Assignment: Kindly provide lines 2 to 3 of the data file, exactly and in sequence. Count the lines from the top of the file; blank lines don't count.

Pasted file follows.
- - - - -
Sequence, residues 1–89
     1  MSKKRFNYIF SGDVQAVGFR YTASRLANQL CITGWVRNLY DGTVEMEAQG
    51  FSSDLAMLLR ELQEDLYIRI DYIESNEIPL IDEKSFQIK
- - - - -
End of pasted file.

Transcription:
     1  MSKKRFNYIF SGDVQAVGFR YTASRLANQL CITGWVRNLY DGTVEMEAQG
    51  FSSDLAMLLR ELQEDLYIRI DYIESNEIPL IDEKSFQIK